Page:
That said, when I received my check-out in the G-109, JP Ducos (the CFIG) showed me a little trick as long as the crosswind is slight. As you are gaining flying speed, pick up the right wing and roll on just the left wheel until you reach liftoff speed. This wants to turn the aircraft to the left (good). DO NOT TRY THIS WITHOUT HAVING A PROFICIENT INSTRUCTOR DEMONSTRATE THE PROCEDURE FIRST. And make sure you have a wide runway; dragging a wingtip is possibility. I am in no way recommending that you go invent a procedure based on a couple of sentences I have written. I personally don't use the procedure. I either wait, use a different runway, or drive a car home.

    Subject: Re: [G109_Pilots] G109A - avoid crosswinds from right?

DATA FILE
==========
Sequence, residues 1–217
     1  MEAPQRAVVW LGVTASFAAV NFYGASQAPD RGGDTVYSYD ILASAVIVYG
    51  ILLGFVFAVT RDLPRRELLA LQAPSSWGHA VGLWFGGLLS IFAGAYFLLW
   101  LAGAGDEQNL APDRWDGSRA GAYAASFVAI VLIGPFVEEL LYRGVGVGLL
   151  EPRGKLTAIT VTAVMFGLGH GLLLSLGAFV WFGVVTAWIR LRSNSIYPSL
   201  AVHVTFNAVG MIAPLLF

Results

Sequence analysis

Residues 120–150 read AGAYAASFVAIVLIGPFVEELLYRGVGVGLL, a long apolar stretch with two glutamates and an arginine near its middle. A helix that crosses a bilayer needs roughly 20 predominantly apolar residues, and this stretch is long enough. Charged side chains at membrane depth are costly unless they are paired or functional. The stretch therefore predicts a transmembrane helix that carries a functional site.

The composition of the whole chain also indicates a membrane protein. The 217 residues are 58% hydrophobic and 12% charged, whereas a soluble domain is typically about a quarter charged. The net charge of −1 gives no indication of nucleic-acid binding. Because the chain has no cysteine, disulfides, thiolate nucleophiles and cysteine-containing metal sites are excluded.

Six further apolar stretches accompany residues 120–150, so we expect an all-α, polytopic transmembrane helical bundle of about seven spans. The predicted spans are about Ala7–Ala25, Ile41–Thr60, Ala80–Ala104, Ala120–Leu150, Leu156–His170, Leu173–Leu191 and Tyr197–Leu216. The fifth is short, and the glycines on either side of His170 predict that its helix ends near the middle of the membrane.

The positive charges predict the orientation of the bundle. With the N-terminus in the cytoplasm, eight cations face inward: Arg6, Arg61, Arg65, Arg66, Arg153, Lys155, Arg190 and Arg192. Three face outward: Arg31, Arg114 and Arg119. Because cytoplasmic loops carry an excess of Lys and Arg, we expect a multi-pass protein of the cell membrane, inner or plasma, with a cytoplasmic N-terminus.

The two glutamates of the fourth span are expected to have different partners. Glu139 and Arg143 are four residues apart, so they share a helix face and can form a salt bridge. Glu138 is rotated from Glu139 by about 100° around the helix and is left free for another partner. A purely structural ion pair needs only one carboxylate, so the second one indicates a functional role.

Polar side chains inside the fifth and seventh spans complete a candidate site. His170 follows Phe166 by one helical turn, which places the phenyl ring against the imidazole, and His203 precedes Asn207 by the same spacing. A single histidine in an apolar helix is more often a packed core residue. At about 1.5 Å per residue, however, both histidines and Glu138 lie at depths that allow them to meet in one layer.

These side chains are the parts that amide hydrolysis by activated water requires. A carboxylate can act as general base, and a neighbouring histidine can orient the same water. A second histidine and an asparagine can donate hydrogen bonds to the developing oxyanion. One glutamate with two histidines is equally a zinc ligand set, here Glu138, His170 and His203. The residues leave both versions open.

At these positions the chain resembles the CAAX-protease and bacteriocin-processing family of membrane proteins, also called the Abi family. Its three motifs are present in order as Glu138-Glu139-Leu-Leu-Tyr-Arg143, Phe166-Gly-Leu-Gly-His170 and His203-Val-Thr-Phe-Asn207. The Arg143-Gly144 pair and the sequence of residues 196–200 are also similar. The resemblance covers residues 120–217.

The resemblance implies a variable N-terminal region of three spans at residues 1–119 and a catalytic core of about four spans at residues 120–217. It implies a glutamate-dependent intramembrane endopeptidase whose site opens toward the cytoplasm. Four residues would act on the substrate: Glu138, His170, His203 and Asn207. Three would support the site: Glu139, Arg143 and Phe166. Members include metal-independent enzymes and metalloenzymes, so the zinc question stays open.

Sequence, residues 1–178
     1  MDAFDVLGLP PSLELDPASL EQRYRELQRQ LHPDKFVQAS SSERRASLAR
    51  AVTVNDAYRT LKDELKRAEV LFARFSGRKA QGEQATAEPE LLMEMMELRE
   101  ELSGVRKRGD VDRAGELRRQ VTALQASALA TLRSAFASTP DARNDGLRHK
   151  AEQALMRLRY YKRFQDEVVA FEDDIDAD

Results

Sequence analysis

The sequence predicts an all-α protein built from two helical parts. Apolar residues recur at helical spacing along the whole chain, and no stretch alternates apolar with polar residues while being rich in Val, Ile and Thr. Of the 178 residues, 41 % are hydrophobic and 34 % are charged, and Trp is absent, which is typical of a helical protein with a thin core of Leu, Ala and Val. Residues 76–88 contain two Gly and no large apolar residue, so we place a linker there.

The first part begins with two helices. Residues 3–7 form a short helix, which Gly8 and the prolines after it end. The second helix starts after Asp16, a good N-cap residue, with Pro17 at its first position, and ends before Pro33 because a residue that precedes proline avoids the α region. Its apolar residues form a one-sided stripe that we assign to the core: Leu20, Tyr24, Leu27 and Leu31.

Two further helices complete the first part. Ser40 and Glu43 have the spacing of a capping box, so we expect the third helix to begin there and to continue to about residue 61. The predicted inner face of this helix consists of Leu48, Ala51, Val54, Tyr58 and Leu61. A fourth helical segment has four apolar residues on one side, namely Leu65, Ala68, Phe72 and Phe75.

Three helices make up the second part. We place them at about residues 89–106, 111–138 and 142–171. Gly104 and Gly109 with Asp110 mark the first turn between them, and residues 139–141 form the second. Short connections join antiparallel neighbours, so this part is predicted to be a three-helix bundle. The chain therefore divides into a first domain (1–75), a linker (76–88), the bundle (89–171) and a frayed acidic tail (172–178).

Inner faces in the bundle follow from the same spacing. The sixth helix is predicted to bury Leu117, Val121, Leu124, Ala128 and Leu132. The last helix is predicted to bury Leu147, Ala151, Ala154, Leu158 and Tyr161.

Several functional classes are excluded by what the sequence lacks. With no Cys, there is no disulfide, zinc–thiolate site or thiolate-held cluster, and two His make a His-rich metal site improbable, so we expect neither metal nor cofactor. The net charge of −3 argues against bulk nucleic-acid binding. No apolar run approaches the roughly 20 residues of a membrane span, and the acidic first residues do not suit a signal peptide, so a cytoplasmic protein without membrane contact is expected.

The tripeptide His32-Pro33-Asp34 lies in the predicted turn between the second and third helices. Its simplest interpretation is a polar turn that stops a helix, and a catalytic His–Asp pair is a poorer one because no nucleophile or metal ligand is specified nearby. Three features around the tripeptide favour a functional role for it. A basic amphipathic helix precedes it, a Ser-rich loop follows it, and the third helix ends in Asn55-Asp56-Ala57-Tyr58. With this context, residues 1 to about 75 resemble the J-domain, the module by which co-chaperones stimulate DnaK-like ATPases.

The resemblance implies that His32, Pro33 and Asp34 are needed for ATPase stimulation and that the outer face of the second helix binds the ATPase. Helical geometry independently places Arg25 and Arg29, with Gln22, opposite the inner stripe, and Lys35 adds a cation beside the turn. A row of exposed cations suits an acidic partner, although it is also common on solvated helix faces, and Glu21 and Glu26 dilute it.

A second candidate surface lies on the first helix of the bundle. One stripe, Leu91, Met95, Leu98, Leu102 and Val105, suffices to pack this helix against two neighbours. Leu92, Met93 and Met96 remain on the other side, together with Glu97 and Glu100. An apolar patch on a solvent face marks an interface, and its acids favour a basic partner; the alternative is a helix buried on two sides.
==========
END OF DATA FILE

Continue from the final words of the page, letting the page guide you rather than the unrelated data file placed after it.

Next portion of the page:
From: Richard Pearl
    Date: 1/3/12 6:52 PM
    To: G109_Pilots@yahoogroups.com

    Yes, there are some issues with a right X-W for the G109, and for the reasons they state: low power, poor rudder authority with the additional disadvantage of engaging the brake at the end of the rudder travel, and the prop turn pulling the ship to the right. There was some discussion on this in earlier threads (600 series). My personal technique for a right cross wind is to angle to the left at the starting roll and let it weathervane around, giving me some time to get momentum going.


    From: "jb92563" <jb92563@gpJ1CU3jrxxP2c-iPQX1zReG9SzosdtoLWO7UNBXrVudQ1Qh7q4gv4K_8vJyyCzQC-r8LwllZQ.yahoo.invalid>
    Date: 1/4/12 9:44 AM
    To: G109_Pilots@yahoogroups.com

    I can confirm that at 12kts of 90 deg x-wind you end up hard on the rudder which of course applies the brake and speed is lost resulting in an aborted takeoff.

    I also like using the technique where your takeoff roll is a large curved arc on wide runways starting on the upwind side of the runway and angled towards the downwind side.

    As you start to weather vane you usually get airborne before running out of rudder and works up to 15 kts in my experience.